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Going Seoul-Searching
Seoul Filled with Rich Cultural Heritage
By Willis Witter
Times Writer
Hyangwonjong within Gyongbok Palace
Courtesy Film Studio
Many Americans spend time in Seoul with the U.S. military or on business. Only now is Seoul beginning to realize its potential as a draw for tourists as well. For those making their first trip to Asia — this is the place to begin exploring the other side of the world.

The city is clean and free of street crime; people have little need to worry about terrorists blowing up buildings full of people; and there is no SARS. In one week, a writer and a photographer saw no face masks worn anywhere in the city, and that includes crowded markets, restaurants and entertainment districts that teem with people day and night.

Seoul, like the rest of Northeast Asia, is off the beaten path for the militant Islamists. Of course, the ever-hostile North Korea lies just 30 miles to the north of Seoul, the sprawling capital of 20-plus million residents and commuters that offers living proof that South Korea won the Cold War.

To appreciate how lopsided that victory was, the first-time visitor must join the 150,000 or so tourists who visit the demilitarized zone each year. Tours in English are readily available to several sites, including a peace park, mountain overlook and North Korean infiltration tunnels big enough for a two-lane highway. A visit to the truce village at Panmunjom tops them all.

North Korean soldiers in the truce village of Panmunjom
It isn't much of a village, just a bunch of simple one-story huts, scrubbed and freshly painted in the shade of baby blue that matches that of the U.N. flag. They sit in a tiny valley surrounded by guard towers and observation posts manned on the other side by real North Korean soldiers. In crisp, pressed olive uniforms, with pictures of North Korean leader Kim Jong-il on the lapel, they stare at visitors with furrowed brows, snarled lips and scowling eyes.

When the guide takes visitors into one of the huts, sometimes a North Korean soldier will stroll up to the window and glare inside. Try taking a picture of the North Korean, but be quick. As soon as he sees a camera pointed in his direction, he runs away.

The tours are well-organized. Tennis shoes, bluejeans, shorts and other casual wear are forbidden, lest they provide images for North Korea's propaganda machine to illustrate America's decadence. The tours come with a briefing from an American soldier, and there are plenty of opportunities to peer at North Korean guard posts atop rolling hills outside.

There's a fake North Korean village, dubbed "propaganda village" by U.S. and South Korean troops. No one lives there, but sometimes the North Koreans bring in a busload of people to hang up some laundry and otherwise hang out to fool the VIPs they bring down from Pyongyang.

DMZ separates North from South.
A loudspeaker above the village blasts insults at the South, or classic communist propaganda. "Our great leader Kim Jong-il has done so much for us," it blared during a recent morning visit as pairs of white Manchurian cranes frolicked overhead. The species is said to be extinct everywhere except along the 150-mile-long, 2.5-mile-wide demilitarized zone that divides the peninsula. No one walks through the DMZ except wildlife, except at Panmunjom — until recently the only land crossing between North and South Korea along the entire length of the DMZ.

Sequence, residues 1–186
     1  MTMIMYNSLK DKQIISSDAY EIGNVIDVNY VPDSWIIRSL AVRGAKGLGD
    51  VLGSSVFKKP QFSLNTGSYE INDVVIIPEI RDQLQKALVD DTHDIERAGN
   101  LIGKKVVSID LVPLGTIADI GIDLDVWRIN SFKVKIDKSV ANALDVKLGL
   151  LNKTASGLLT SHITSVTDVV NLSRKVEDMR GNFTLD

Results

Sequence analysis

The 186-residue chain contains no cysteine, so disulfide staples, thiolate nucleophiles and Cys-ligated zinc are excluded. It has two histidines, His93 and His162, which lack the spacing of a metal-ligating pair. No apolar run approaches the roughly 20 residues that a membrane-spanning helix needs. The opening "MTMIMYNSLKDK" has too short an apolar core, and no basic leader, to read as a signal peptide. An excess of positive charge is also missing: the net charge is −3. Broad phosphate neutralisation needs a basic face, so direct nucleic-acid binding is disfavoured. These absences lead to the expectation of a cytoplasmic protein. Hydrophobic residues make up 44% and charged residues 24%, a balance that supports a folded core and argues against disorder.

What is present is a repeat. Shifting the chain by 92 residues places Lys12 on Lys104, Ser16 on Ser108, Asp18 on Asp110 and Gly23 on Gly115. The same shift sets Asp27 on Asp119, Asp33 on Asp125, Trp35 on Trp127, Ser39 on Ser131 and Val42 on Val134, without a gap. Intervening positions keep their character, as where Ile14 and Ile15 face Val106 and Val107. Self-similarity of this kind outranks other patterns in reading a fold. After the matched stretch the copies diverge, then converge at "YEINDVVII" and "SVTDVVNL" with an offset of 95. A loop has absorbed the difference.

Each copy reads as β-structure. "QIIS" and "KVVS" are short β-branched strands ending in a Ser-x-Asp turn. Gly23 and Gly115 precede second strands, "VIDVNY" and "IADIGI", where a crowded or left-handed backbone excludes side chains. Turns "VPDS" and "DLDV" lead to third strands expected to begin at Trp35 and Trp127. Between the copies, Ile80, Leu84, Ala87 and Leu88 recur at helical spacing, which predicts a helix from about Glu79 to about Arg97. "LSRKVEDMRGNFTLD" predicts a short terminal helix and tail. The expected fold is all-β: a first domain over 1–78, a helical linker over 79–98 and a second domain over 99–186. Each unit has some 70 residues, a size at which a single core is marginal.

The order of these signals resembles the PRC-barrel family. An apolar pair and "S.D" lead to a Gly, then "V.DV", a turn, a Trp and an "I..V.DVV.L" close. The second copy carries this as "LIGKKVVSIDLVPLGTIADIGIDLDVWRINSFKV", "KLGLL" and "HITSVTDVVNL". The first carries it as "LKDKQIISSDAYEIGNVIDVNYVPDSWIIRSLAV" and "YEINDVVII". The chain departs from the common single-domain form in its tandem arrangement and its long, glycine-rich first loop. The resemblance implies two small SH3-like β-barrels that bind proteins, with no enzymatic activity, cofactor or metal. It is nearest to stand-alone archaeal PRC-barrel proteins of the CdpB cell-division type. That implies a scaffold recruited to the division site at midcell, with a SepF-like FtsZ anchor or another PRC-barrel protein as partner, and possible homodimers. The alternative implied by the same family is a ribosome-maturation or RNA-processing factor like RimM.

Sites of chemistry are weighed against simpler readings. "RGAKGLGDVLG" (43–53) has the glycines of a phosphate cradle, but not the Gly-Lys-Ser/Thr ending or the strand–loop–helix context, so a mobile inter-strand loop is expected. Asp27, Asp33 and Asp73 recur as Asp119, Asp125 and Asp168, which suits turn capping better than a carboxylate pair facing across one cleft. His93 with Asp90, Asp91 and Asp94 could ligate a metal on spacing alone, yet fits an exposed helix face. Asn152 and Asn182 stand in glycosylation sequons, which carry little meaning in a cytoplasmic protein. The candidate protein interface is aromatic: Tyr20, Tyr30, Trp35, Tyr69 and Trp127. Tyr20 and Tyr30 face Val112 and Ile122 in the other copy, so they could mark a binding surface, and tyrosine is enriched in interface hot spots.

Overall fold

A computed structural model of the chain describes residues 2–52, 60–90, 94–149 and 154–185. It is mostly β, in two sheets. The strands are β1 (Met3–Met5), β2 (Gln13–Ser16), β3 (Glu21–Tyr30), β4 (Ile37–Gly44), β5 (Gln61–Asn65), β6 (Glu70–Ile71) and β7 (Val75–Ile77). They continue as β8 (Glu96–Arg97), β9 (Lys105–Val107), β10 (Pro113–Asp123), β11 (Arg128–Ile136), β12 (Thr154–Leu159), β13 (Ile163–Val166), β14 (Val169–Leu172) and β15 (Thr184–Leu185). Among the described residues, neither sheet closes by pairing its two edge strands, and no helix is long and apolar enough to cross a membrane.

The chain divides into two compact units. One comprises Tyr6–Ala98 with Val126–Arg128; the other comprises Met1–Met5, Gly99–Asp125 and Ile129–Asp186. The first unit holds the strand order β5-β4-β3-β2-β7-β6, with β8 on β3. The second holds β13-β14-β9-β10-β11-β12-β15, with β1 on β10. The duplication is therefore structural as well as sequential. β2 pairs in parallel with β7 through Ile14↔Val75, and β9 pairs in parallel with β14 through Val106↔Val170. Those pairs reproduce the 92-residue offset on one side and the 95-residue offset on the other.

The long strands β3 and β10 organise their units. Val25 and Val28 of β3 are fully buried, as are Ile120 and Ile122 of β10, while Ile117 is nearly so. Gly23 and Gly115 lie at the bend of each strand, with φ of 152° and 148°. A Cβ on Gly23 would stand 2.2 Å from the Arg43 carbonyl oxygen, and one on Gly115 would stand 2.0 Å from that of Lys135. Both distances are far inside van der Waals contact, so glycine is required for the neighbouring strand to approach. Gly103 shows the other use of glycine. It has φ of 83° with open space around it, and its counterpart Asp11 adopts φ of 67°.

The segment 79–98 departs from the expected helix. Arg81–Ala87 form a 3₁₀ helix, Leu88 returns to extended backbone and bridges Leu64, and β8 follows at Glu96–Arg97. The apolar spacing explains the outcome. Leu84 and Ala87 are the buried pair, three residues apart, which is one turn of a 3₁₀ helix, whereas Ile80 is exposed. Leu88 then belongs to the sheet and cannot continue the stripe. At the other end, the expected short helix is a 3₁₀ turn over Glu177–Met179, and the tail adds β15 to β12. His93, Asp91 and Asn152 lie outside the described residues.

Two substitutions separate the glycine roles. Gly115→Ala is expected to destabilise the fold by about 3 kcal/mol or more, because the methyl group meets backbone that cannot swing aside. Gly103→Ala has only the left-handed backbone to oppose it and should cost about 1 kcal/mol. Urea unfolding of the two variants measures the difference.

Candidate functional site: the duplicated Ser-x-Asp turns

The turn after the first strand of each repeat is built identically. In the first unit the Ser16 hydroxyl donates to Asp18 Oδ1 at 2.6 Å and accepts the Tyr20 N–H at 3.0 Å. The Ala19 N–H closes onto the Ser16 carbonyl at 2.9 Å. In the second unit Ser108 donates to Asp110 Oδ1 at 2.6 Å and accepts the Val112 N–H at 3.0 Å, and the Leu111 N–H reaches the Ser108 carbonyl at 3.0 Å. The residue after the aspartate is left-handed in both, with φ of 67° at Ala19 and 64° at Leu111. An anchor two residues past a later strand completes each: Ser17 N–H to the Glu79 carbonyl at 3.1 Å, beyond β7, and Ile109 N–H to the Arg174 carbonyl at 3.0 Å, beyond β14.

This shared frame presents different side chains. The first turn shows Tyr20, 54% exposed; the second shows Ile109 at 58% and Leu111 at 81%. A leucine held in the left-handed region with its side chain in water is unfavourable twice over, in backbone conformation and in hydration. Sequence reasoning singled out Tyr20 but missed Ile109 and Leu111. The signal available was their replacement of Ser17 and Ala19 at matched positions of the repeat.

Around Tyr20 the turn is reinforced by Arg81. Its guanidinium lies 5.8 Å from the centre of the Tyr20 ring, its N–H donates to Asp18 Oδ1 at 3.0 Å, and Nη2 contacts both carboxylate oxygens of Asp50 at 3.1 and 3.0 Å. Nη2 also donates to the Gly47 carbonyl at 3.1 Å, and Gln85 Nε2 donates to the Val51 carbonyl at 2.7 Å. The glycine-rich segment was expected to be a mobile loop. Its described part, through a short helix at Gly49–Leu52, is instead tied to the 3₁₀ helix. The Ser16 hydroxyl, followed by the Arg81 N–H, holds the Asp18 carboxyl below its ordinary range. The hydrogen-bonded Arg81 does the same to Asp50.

Here, huge letters decorate mountain slopes facing south. "Our victory is for our sunshine general, Kim Jong-il, hurray," says one mountain. Each boasts a giant flag on a skyscraper-size flagpole. North and South used to compete, building bigger and bigger poles and flags until, presumably, the South decided things had gotten out of hand.

The North won that battle and today displays the biggest flag on the tallest pole. The problem is that the flag weighs more than 600 pounds, meaning it just hangs like a wet dishrag unless a typhoon happens to blow through.

On the other side, the South Korean flag unfurls in the gentle morning breeze.

A North Korean guard
in Panmunjom
Panmunjom has a history of ax murders, defections and shootouts, but the last serious incident was 20 years ago when a defection by a Soviet officer, who stepped across the line, triggered a firefight. One can leave for Panmunjom early in the morning on a tour bus from Seoul and be back with plenty of time to spare in the afternoon. The experience is guaranteed to be so grim that Seoul will feel like paradise, and that's a good way to begin exploring.

Five royal palaces ring downtown Seoul, each undergoing a massive restoration amid a nationwide renaissance of appreciation for the country's ancient history. The walled compounds, with towering wooden gates and curved tiled tops, defined the city a century ago, when kings ruled and the aristocracy lived in gilded splendor.

At night, Seoul provides the cosmopolitan flare of dining, theater and nightclubs. There's also a futuristic side of Seoul. Check out the area around World Cup Stadium containing a power plant between two giant man-made mountain mesas — both former garbage dumps. Atop one dump sits an 18-hole golf course, and atop the other is a public park. The green is so lush it's hard to believe garbage lies underneath, and this is where the power plant comes in.

The plant makes electricity by burning off the extracts from pipes deep underground. It supplies power to the adjacent World Cup soccer stadium, which is being converted into an upscale retail mall with luxury high-rise condos nearby.

Nearly 1 million South Koreans gathered in downtown Seoul in a 2002 Wold Cup frenzy.
The 2002 World Cup — in which South Korea became the first team from Asia to make the final four — inspired the Seoul metropolitan government to begin an aggressive campaign to lure Western travelers. The campaign, with the slogan "Hi Seoul," focuses on the past, the present and, as with the reclaimed garbage dump, the future. Seoul City Hall, an imposing gray building from pre-World War II days when Japan ruled Korea as a colony, is a good place to start.